After playing XIII, I swore I'd never play another Final Fantasy game ever again. That stands until I hear the words "this Final Fantasy game is fun and isn't so melodramatic."
I found no joy at all in X, and it's the first game they made a direct sequel to. That's when I knew they had given up on the tone and style of IX. And maybe, from a business standpoint, they made the right call. Maybe folks like you and I are too rare to pay the bills. But I'm still a little disappointed.
This series needs to be rebooted.
What does that even mean? Just dropping the numbers? There's no continuity among the franchise, so what would get carried backwards to the beginning of the "reboot?"
I'm hoping it's not as 'open world' as these previews are making it look. I've had my fill with all of these big open world games.
I agree. The most interesting thing I've seen so far has been that Republique-looking segment where he's guiding T-Bone. I can do without more driving around, shooting, and open-world filler quests (like stopping muggings).
Also true, but the way I see it, even if the technology worked perfectly, there really weren't any good ways to apply it for games. Everyone was drinking the Kool Aid and saying that the controller was holding us back, but nobody stopped to consider why. The fact is, it's a very good way to control games, and not just because it's been refined over many generations (though that helped). It just lends itself well to being a transparent abstraction layer. I would contend that, even if Kinect worked well for everyone, or everyone had a green screen studio in their house, pantomime is still not a good way to control games.
This week's podcast (http://www.giantbomb.com/podcast/?podcast_id=347) had another brief discussion about how Kinect was a failure of its ideal implementation, and let everyone down based on its inability to deliver on its promise. The seeds of this idea first started germinating around the time Steel Battalion: Heavy Armor was getting diced to pieces, and now I'm finally ready to say it: the Kinect was never going to be what people wanted it to be (unless those people were Harmonix). And I'll tell you why.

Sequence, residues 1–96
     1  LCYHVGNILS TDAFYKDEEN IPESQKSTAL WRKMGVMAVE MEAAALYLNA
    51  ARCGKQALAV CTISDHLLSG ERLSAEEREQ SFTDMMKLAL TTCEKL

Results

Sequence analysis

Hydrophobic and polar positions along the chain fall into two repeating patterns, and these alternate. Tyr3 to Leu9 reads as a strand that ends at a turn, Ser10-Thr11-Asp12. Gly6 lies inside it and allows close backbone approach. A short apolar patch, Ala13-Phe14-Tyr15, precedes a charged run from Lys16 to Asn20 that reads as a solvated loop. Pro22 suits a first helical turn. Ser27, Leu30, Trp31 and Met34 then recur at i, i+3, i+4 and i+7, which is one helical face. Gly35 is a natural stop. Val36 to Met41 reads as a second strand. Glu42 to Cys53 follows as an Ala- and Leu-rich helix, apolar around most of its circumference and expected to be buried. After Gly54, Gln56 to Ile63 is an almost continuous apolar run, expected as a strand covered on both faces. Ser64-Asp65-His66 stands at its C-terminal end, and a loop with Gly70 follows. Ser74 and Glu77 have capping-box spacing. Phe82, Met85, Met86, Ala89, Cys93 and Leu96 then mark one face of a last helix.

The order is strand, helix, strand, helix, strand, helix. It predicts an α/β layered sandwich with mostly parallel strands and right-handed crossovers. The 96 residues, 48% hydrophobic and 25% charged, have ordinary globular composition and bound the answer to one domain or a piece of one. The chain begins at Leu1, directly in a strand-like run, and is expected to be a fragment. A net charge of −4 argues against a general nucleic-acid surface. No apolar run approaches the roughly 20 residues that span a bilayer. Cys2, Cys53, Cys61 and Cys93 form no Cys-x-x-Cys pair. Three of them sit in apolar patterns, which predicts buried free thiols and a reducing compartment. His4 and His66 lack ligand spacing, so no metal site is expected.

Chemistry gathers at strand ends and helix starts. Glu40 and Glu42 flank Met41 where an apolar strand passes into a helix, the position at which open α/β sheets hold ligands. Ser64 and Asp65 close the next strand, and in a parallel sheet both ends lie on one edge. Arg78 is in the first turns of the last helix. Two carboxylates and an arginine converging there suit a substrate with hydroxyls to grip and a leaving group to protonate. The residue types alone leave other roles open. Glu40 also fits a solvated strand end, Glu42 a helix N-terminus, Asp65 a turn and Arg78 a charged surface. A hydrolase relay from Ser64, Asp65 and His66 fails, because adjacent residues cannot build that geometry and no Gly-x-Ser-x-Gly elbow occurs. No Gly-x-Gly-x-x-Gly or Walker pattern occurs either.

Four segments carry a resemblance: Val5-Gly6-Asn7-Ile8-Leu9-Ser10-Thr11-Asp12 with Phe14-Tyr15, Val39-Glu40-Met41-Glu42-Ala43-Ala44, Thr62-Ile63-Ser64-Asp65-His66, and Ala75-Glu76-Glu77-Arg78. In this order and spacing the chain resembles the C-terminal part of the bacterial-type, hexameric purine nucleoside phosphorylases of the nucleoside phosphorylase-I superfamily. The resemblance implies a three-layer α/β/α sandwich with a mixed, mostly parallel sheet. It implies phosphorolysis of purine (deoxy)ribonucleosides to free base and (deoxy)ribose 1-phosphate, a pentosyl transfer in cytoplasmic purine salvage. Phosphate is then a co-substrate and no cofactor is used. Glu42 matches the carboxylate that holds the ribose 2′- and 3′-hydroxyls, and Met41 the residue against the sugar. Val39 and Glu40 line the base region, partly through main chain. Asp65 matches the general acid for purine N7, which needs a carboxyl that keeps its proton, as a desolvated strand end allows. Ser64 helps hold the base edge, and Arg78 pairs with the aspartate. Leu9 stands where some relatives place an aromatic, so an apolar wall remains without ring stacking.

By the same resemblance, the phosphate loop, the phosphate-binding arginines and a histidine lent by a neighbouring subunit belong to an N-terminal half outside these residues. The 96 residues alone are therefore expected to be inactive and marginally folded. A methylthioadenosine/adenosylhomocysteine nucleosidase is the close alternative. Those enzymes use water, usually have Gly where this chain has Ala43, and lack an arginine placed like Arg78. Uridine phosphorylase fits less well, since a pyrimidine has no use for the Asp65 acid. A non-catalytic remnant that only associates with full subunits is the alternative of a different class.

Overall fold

Taking away a physical controller and putting your whole body in its place, at a glance, sounds like a fantastic step in the direction of player immersion. After all, you're removing a layer of abstraction between what you're doing, and what's happening on the screen, right? Now, before we go any further, let me say that I will make excuses for vendor trash in the name of immersion. I will make excuses for inventory management in the name of immersion. I'll excuse a lot of dumb bullshit on the premise that it brings me further into the game world. But Kinect (and even most other motion control schemes) aren't really serving the purpose of immersion.
Here's the thing: motion controls are great for lowering the barrier to entry. They present a more intuitive interface for someone who isn't accustomed to the abstraction that a controller provides. But for those of us who are comfortable with a controller, and who have cultivated the hand-eye coordination that makes the controller essentially an extension of our own bodies, pantomime is at least as much of an abstraction if not more. Dance games are a great success story for motion controls. It's a type of game that arguably suffered from the digital abstraction that Dance Dance Revolution and its ilk put in between dancing and gameplay. It's an action that makes sense with full body motion, and doesn't require a prop to feel natural. Similar things could be said for Double Fine Happy Action Theater or other "toy" style games, since they don't really rely on control at all.
The Wii struck a nice balance by allowing both analog and digital inputs, while at the same time providing a natural-feeling object to hold in one's hand. But the Kinect has neither a natural prop nor a digital input. Which means that, as good as it might feel to paint targets in Child of Eden, you still need to signal the digital action of firing. That's why a controller with analog sticks and buttons works so well. Some things are suited to analog control (controlling reticules, painting shapes) and some things are better done with digital inputs (choosing when to fire, selecting a color). Using an analog motion to signal a digital action doesn't work for two reasons: